Treatment of Ore

Mount Morgan Gold Mine 1888

When the "syndicate" was formed in 1882 by the three Morgan brothers, Frederick, Thomas, and Edwin (Ned), together with three Rockhampton business men, William Knox D'Arcy (solicitor), Thomas Skarratt Hall (bank manager), and William Pattison (grazier), to treat the oxidised auriferous (gold-bearing) ore from the mountain top, it was thought that the gold could be recovered by amalgamation in the usual manner. Late in 1882 a ten head stamp battery was erected on the north bank or mineside of the Dee River where it makes a sharp bend just opposite where Meyenberg Gully joins the Dee. Shortly afterwards a fifteen head battery was erected about four hundred yards downstream from the first battery. However, it was discovered that the very fine, tarnished looking gold was not amenable to amalgamation, up to 75% of the gold being lost in the tailings. When the loss became known, the tailings were stored for future treatment but already many tons had gone down the Dee River.

The syndicate tried many other gold saving devices, such as Berdan Pans, Wheeler Pans, Arrastra Pans and others without success.

Legend has it that some samples taken from the mountain top went as high as 2000 ozs per ton, but this would be an exception rather than the rule.

The Morgan brothers eventually sold their shares in the syndicate to the remaining members of the syndicate, apparently having no faith in the life of the mine.

During the life of the syndicate, sales and transfers of interests had so complicated matters that in 1886 they decided to form a properly formed, registered company with a nominal capital of one million one-pound shares.

The batteries operated until the formation of The Mount Morgan Gold Mining Company, Limited in 1886.

The Mount Morgan Gold Mining Company, Limited (now referred to as the "Old Company"):

On the 1st of October, 1886, The Mount Morgan Gold Mining Company Limited was registered in the Supreme Court of Queensland, with a nominal capital of one million one-pound shares.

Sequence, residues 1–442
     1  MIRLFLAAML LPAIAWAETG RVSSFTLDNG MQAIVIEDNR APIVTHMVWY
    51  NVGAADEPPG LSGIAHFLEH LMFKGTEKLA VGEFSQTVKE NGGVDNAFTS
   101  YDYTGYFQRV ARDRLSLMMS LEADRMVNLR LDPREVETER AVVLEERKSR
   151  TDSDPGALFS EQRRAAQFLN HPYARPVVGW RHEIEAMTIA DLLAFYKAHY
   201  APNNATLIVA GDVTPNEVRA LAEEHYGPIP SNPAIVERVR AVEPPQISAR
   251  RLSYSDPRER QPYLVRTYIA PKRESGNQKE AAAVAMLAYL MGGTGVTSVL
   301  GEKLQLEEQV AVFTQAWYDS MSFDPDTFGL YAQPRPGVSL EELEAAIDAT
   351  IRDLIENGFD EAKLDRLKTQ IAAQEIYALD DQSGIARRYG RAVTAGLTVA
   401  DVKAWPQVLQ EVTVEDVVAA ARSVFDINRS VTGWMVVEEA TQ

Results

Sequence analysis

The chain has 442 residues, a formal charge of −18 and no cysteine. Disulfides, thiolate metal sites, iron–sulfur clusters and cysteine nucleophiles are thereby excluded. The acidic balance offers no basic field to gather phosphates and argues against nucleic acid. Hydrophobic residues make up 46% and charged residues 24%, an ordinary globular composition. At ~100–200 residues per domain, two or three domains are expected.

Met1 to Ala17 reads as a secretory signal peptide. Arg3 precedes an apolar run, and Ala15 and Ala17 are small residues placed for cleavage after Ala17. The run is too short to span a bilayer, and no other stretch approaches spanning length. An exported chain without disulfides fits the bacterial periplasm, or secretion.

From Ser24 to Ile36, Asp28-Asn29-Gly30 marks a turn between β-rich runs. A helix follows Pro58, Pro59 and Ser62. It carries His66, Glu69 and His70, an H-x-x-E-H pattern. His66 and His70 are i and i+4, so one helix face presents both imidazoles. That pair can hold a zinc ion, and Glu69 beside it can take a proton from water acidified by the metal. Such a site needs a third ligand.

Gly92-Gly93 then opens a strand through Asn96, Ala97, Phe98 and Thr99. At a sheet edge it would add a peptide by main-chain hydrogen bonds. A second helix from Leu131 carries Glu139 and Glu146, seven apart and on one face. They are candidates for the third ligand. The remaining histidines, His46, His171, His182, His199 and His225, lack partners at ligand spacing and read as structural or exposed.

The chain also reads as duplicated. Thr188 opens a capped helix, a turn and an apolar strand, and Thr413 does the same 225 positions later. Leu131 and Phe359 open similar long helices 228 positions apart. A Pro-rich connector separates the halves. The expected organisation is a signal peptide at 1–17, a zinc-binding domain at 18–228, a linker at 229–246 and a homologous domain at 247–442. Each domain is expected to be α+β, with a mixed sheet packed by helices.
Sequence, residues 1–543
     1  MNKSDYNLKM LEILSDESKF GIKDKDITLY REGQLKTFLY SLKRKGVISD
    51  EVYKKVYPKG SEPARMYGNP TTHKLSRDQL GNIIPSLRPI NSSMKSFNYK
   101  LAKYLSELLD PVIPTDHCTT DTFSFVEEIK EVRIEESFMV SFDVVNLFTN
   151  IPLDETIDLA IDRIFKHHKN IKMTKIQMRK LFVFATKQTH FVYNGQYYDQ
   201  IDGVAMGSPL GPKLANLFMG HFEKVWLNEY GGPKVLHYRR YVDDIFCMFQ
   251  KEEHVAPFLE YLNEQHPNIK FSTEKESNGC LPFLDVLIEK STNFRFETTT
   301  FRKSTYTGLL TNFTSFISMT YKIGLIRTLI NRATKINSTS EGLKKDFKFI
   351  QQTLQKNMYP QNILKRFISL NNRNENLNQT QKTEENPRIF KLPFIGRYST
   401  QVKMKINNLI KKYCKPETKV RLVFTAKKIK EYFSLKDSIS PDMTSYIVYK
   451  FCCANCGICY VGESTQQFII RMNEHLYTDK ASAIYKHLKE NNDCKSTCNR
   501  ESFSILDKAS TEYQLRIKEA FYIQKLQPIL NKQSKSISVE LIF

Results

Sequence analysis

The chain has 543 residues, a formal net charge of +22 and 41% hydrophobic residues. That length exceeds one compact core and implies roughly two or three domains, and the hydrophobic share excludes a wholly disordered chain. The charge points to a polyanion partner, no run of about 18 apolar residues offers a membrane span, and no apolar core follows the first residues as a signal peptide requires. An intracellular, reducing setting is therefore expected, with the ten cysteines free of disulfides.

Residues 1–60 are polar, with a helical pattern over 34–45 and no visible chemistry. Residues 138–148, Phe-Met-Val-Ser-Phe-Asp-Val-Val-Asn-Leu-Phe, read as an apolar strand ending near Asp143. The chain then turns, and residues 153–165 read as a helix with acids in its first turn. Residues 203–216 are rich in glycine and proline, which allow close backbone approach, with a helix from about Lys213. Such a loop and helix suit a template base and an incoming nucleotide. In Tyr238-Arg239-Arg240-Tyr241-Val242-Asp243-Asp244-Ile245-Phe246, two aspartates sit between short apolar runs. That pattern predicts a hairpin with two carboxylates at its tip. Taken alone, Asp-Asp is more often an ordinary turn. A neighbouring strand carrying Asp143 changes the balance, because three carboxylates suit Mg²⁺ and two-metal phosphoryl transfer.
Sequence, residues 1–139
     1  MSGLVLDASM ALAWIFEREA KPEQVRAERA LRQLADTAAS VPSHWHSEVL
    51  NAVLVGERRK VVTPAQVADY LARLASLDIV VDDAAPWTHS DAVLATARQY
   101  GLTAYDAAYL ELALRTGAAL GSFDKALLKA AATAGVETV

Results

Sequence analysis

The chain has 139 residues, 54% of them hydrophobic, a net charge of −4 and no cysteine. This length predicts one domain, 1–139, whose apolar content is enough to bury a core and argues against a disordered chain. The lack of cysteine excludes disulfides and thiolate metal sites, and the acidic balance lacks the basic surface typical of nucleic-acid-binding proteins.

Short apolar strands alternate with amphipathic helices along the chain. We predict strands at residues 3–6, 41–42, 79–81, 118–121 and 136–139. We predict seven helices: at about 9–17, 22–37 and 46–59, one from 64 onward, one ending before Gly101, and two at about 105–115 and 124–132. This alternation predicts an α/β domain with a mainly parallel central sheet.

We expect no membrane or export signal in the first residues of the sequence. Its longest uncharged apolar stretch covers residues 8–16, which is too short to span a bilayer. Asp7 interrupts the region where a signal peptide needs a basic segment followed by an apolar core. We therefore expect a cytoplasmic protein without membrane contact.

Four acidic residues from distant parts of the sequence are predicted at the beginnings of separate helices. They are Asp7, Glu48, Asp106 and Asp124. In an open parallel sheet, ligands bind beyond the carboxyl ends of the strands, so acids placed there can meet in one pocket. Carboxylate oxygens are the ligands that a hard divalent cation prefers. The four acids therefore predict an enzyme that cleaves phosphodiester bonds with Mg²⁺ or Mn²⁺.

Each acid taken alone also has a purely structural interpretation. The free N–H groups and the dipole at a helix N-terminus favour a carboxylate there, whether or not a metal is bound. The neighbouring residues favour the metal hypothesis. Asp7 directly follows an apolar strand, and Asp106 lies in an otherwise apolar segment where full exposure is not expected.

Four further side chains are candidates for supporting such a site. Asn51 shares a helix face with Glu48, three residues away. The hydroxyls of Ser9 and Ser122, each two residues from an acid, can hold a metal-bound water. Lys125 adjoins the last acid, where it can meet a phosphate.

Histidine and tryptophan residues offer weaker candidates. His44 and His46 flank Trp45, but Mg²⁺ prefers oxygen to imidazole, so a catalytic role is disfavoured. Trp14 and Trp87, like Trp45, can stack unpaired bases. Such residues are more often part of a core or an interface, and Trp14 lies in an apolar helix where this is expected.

The Shareholders were Thomas Skarratt Hall (158,332 shares), William Knox D'Arcy (358,334 shares), William Pattison (125,000 shares), Walter Russell Hall (125,000 shares), John Ferguson (116,667 shares), Charles Carlton Skarratt (58,334 shares) and Alexander William Robertson and John Wagner (together) (58,333 shares).

As amalgamation was unsuccessful for the recovery of the fine gold, a better method was sought and it was subsequently found the chlorination process was the most suitable method, claims being made to a 95% recovery of the gold. Chlorination consists of dissolving the gold with chlorine gas and precipitating the gold from solution with charcoal.


In 1886 the company completed the erection of a chlorination plant known as the Lower Works, not far from the original battery site and on what became known as the Lower Yards. In this method, the ore was finely ground, roasted to remove organic matter and traces of sulphides and then mixed in revolving wooden barrels with chloride of lime and sulphuric acid to dissolve the gold. Interaction between chloride of lime and sulphuric acid generates chlorine gas. The contents of the barrels were then discharged into open vats, the gold-bearing solution drained off and passed through beds of charcoal to precipitate the gold. The charcoal was burnt off and the gold melted and poured into ingots.

Originally the ore was carted to the plant by horse and cart but in 1888 an aerial tramway was built from the mine to the lower yards, which considerably lowered transport costs. The Lower Works was in operation until 1907.


The Lower Works plant was so successful that a similar type of chlorination plant, known as the Upper Works, was built on a site now occupied by the Smelter. It was completed in 1888 and treated 1000 tons of ore per week (the Lower Works treated 500-800 tons per week). The Upper Works ceased operations in 1901.
In 1892, Captain G.A. Richard, who was chlorinator at the Lower Works, devised a method of leaching the ore with a solution of chlorine gas dissolved in water in open vats instead of revolving barrels. The chlorine gas, generated in stone stills by the reaction between sodium chloride (salt), manganese dioxide and sulphuric acid, was passed up through absorption towers and the resultant chlorine liquor added to the material in the open leaching vats. This new method gave just as satisfactory results as the barrel method and was more simple and economical.


Following the discovery of open vat leaching, a new chlorination plant, known as the West Works, was erected on the side of the mountain above Mundic Creek, well to the west of the western boundary of the company's freehold (hence its name). The first section was completed in 1896. This plant was designed to treat 2000 tons per week, but with the installation of gas producers in 1904 for better roasting, the tonnage was increased to 2500 tons per week. Most of the ore for the West Works came from shallow opencut operations above the 285 feet mine level. The West Works closed down in 1910.